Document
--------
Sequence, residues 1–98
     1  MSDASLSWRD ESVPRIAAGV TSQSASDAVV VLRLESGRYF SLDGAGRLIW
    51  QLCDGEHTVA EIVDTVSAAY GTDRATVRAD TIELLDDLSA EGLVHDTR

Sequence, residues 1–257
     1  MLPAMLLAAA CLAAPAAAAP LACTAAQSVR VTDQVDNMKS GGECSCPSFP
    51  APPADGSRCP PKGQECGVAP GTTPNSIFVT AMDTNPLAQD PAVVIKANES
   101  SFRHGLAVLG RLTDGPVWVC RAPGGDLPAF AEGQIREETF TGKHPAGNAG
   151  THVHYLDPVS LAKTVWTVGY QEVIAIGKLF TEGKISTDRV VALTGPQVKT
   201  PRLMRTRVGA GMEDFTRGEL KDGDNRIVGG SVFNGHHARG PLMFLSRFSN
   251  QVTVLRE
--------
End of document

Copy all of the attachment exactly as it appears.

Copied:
Sequence, residues 1–98
     1  MSDASLSWRD ESVPRIAAGV TSQSASDAVV VLRLESGRYF SLDGAGRLIW
    51  QLCDGEHTVA EIVDTVSAAY GTDRATVRAD TIELLDDLSA EGLVHDTR

Sequence, residues 1–257
     1  MLPAMLLAAA CLAAPAAAAP LACTAAQSVR VTDQVDNMKS GGECSCPSFP
    51  APPADGSRCP PKGQECGVAP GTTPNSIFVT AMDTNPLAQD PAVVIKANES
   101  SFRHGLAVLG RLTDGPVWVC RAPGGDLPAF AEGQIREETF TGKHPAGNAG
   151  THVHYLDPVS LAKTVWTVGY QEVIAIGKLF TEGKISTDRV VALTGPQVKT
   201  PRLMRTRVGA GMEDFTRGEL KDGDNRIVGG SVFNGHHARG PLMFLSRFSN
   251  QVTVLRE